The anti-asthma drug Xolair (omalizumab) has been linked to a possible increased risk of many severe side effects, including heart attack, stroke, blood clots, and cancer.
What is Xolair?
Xolair is an injection medication for the treatment of severe allergic asthma or chronic hives. It is manufactured by Genentech and has been on the market since 2003.
Xolair is primarily used in people who have severe asthma attacks from inhaling allergens (e.g., pollen, mold, pet dander, etc.). It is only approved for people 12 years and older whose symptoms are not controlled by asthma inhalers that contain anti-inflammatory corticosteroid medications.
What is the problem?
In September 2014, the FDA warned that Xolair may increase the risk of deadly blood vessel problems in the heart and brain.
Life-threatening side effects may include:
- Transient ischemic attacks
- Heart attacks
- Sudden, unexpected chest pain
- High blood pressure in arteries of the lungs (pulmonary hypertension)
- Blood clots in the lungs (pulmonary embolism)
- Blood clots in veins (venous thrombosis)
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These conclusions were based on an evaluation of a 5-year safety study comparing Xolair to a placebo. The study suggested a serious safety signal, but due to weaknesses in how the study was designed and carried out, the FDA cannot definitively confirm the increased level of these risks.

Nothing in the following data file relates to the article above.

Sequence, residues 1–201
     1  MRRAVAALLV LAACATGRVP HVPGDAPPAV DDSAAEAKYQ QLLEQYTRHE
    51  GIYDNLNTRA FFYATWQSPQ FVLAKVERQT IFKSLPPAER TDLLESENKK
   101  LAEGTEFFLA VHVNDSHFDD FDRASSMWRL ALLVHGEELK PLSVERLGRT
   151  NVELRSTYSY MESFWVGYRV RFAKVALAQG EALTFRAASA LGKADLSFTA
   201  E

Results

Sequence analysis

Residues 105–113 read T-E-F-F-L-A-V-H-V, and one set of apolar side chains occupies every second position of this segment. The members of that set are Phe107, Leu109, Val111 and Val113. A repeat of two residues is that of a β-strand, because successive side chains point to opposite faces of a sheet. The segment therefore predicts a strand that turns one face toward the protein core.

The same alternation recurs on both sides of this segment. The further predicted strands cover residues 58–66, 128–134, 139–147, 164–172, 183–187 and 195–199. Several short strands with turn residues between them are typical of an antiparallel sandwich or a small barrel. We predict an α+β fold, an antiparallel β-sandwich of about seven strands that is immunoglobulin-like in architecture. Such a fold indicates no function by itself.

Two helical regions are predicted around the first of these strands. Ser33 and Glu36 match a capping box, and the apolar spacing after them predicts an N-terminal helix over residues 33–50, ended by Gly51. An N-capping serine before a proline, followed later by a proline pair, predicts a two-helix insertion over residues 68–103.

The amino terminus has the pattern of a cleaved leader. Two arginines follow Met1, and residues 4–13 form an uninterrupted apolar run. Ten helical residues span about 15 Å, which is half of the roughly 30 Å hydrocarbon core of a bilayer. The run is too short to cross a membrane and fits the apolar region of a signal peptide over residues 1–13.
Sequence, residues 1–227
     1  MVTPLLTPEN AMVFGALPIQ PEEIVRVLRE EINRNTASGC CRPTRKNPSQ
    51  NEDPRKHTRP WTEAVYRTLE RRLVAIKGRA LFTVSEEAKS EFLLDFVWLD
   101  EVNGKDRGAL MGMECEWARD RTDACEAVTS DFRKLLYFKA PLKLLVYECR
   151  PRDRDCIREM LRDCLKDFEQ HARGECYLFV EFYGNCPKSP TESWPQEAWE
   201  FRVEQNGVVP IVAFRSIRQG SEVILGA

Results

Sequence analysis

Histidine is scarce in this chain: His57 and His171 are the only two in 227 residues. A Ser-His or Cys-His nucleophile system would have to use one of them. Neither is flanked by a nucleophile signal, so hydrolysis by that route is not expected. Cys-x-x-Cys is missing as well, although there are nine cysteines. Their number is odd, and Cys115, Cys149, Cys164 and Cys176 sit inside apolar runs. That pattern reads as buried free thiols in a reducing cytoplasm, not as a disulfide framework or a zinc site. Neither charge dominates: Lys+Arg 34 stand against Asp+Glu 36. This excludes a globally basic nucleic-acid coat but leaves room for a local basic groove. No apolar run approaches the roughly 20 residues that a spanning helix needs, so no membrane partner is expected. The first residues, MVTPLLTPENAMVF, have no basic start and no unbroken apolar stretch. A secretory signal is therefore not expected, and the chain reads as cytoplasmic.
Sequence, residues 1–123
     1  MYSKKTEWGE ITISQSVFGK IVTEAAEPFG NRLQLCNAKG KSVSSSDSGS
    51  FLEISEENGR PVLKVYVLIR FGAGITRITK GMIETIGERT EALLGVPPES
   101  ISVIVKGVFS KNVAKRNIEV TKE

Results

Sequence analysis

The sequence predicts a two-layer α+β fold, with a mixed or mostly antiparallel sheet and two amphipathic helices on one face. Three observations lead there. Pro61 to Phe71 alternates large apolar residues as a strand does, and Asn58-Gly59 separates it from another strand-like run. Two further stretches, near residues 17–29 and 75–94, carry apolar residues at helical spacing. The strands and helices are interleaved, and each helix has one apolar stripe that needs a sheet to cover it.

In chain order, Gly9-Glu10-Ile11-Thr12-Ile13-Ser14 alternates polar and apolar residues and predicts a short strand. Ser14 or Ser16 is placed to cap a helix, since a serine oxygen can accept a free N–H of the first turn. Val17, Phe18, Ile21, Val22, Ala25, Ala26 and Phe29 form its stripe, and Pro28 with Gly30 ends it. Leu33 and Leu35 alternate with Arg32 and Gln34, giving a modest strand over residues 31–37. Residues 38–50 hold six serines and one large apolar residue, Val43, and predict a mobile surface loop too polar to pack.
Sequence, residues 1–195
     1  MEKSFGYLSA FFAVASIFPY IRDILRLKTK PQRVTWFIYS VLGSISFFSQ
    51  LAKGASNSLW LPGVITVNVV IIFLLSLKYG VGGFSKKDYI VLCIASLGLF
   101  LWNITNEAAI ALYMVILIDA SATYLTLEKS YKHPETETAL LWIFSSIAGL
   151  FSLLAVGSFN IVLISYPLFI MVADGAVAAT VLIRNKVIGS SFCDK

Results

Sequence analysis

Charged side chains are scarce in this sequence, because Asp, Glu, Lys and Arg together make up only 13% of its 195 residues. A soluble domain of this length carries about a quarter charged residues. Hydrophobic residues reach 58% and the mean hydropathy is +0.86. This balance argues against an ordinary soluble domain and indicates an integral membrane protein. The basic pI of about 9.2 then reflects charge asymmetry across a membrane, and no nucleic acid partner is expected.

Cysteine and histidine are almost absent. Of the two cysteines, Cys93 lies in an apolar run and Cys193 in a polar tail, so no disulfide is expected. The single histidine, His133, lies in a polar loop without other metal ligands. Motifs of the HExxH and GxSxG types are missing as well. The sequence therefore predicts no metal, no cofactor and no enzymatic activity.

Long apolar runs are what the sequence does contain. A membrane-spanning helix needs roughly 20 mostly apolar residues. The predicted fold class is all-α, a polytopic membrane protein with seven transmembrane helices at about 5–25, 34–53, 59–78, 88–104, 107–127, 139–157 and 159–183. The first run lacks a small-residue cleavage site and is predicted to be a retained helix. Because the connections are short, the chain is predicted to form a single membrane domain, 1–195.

The study, Evaluating the Clinical Effectiveness and Long-Term Safety in Patients with Moderate to Severe Asthma (EXCELS), involved 5,000 patients with asthma who were treated with Xolair, compared to 2,500 patients who did not take Xolair. Data linking Xolair and heart problems appeared early in the study.
In July 2009, the FDA began investigating studies linking Xolair with an increased number of cardiovascular and cerebrovascular adverse events.
Xolair and Cancer
Xolair prevents asthma attacks by blocking human immunoglobin E (IgE), which is an antibody that is commonly involved in allergic reactions. IgE may play an important role in the body’s recognition of cancer cells, which suggests that blocking IgE could be associated with cancer risks.
In clinical trials, cancer was reported in 0.5% of patients treated with Xolair compared to 0.2% of control patients. However, other studies have found no higher risk of cancer.
The FDA found no difference in the rate of cancer after reviewing the EXCELS safety study, but they cannot rule out a potential risk of cancer. The EXCELS study was only five years, and cancer often takes much longer to develop. The label on Xolair has been updated to include this risk information.